Stadiums Aim for Greener Architecture


The Mercedes-Benz Stadium in Atlanta, Georgia. It is one of the few football stadiums in the world with retractable roofs.

The Mercedes-Benz Stadium in Atlanta, Georgia. It is one of the few football stadiums in the world with retractable roofs.

The Mercedes-Benz Stadium in Atlanta, Georgia, is one of the few football stadiums in the world with retractable roofs. The final phase of the construction of its roof started this past week. The stadium, located in the home of the Atlanta Falcons of the National Football League (NFL), and the Atlanta United FC of the Major League Soccer (MLS), holds the record of the world’s largest halo board.

The unique roof, once completed, will give officials the option to open and close the roof in as quickly as 12 minutes. During this final phase, construction activities will require the roof to be open in a locked position for 10 days to complete elements of the automation process.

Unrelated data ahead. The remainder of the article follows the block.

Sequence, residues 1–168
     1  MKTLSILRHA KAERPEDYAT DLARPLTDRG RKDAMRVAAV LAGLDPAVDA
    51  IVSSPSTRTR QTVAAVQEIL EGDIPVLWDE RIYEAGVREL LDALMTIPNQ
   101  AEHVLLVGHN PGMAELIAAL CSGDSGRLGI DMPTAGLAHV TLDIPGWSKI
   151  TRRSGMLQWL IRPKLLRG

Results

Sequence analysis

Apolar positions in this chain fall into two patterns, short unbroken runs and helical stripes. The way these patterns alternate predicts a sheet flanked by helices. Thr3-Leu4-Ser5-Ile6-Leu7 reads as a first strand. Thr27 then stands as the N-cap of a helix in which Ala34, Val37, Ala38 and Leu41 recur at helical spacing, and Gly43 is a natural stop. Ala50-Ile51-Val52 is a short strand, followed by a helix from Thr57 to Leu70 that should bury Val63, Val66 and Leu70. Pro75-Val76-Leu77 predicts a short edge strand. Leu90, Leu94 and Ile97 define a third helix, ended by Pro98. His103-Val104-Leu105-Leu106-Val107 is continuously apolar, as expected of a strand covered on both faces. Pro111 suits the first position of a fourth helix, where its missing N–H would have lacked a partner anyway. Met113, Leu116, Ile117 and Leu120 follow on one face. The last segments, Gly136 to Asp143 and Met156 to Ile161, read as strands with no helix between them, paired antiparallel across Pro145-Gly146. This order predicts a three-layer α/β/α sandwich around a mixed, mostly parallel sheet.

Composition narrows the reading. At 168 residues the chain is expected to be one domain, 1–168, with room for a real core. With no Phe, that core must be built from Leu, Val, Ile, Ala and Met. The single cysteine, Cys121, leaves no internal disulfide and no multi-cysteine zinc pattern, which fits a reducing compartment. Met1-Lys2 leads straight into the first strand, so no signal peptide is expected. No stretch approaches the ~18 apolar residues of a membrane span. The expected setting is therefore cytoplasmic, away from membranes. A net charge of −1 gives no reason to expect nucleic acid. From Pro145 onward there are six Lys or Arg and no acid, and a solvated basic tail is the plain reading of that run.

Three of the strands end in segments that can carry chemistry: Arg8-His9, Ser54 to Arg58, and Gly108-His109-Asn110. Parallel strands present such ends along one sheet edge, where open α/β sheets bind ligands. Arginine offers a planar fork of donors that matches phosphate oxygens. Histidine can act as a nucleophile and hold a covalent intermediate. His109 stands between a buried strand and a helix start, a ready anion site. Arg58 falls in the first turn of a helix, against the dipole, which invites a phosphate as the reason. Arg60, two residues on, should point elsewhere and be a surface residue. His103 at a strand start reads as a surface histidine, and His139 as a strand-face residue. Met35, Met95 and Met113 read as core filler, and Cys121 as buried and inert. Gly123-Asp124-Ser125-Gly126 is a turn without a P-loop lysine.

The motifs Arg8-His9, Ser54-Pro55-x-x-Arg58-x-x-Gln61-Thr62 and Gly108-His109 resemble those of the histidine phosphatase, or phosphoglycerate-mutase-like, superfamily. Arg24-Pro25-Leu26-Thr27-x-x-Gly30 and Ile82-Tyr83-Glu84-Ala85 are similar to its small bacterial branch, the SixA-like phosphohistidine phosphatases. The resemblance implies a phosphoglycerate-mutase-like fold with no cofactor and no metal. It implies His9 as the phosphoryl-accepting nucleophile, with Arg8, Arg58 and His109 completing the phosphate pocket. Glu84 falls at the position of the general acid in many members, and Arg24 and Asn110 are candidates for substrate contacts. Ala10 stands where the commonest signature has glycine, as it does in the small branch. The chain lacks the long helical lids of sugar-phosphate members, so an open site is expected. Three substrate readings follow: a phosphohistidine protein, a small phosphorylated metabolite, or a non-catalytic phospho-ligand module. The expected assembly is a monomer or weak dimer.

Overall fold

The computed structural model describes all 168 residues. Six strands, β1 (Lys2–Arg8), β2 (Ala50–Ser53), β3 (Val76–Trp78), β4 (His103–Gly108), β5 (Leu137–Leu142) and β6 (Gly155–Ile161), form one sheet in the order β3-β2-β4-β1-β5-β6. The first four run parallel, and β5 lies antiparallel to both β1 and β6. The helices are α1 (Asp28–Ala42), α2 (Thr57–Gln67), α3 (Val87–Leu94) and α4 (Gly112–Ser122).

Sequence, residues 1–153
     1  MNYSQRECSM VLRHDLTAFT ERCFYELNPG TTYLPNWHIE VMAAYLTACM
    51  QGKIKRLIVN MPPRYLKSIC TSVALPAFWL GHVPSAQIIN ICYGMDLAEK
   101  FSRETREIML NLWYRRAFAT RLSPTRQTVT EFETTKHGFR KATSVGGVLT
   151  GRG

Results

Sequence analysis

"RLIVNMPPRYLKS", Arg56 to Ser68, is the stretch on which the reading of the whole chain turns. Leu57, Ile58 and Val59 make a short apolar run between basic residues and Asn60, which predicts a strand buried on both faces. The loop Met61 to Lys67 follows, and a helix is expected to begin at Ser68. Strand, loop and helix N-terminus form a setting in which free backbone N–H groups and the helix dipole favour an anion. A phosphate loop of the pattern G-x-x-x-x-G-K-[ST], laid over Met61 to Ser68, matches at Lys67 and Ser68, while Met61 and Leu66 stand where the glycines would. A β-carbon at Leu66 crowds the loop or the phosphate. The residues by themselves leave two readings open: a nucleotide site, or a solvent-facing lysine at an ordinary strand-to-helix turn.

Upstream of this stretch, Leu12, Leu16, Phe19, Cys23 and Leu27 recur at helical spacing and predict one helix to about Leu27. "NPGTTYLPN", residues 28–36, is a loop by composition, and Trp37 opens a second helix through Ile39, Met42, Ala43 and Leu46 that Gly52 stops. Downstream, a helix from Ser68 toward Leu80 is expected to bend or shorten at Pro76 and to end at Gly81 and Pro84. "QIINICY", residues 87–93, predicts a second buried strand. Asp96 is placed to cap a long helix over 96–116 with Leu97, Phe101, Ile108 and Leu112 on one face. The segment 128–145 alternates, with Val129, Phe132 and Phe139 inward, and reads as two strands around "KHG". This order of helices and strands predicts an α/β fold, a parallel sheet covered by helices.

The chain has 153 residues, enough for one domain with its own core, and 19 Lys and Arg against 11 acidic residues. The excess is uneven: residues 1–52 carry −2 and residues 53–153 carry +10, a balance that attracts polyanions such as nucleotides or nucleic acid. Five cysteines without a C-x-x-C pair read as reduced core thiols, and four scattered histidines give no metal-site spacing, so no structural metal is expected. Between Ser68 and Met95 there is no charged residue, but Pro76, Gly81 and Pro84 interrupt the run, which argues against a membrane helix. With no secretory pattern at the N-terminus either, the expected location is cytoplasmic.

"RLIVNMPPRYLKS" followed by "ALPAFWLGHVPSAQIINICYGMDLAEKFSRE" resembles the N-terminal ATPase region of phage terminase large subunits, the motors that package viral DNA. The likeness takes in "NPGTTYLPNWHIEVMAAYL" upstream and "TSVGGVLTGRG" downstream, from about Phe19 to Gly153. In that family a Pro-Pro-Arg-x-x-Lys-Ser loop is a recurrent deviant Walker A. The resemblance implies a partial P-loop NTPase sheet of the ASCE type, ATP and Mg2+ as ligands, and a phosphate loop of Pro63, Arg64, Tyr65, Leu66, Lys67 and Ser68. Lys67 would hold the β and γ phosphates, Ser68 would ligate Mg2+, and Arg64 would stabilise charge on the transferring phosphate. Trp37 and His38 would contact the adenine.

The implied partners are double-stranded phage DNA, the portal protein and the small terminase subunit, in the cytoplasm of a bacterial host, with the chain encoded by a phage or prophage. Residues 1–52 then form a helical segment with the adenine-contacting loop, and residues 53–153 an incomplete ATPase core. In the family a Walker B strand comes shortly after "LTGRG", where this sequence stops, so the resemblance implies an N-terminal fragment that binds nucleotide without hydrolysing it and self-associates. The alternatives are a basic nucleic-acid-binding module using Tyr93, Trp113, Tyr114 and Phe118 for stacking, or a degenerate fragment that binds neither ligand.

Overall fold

The nine-month-old, $1.6-billion stadium has a 20-foot-high gray concrete box underneath an overpass that can hold up to 680,000 gallons of rainwater, collected mostly from the roof of the enormous stadium. The cistern is one of the environmental centerpieces of the building. It is used to irrigate the vegetation around the building, and by storing much of it, flooding will be reduced in the nearby neighborhood. In other words, the 120-foot-long cistern saves money and helps the surrounding area.